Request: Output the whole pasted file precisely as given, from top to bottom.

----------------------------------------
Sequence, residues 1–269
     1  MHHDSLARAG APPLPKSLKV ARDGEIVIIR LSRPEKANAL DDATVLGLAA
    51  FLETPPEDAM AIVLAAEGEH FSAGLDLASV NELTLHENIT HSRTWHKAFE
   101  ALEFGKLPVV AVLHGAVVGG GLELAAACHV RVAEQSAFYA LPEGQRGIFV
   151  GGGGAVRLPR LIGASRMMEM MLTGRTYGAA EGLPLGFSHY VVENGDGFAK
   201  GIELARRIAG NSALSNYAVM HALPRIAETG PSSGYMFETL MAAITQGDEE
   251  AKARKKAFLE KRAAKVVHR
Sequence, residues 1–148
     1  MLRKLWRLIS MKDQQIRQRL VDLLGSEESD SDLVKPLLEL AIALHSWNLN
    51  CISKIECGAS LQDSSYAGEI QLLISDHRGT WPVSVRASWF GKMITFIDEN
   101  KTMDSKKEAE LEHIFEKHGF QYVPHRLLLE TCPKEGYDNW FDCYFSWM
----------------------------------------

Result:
Sequence, residues 1–269
     1  MHHDSLARAG APPLPKSLKV ARDGEIVIIR LSRPEKANAL DDATVLGLAA
    51  FLETPPEDAM AIVLAAEGEH FSAGLDLASV NELTLHENIT HSRTWHKAFE
   101  ALEFGKLPVV AVLHGAVVGG GLELAAACHV RVAEQSAFYA LPEGQRGIFV
   151  GGGGAVRLPR LIGASRMMEM MLTGRTYGAA EGLPLGFSHY VVENGDGFAK
   201  GIELARRIAG NSALSNYAVM HALPRIAETG PSSGYMFETL MAAITQGDEE
   251  AKARKKAFLE KRAAKVVHR
Sequence, residues 1–148
     1  MLRKLWRLIS MKDQQIRQRL VDLLGSEESD SDLVKPLLEL AIALHSWNLN
    51  CISKIECGAS LQDSSYAGEI QLLISDHRGT WPVSVRASWF GKMITFIDEN
   101  KTMDSKKEAE LEHIFEKHGF QYVPHRLLLE TCPKEGYDNW FDCYFSWM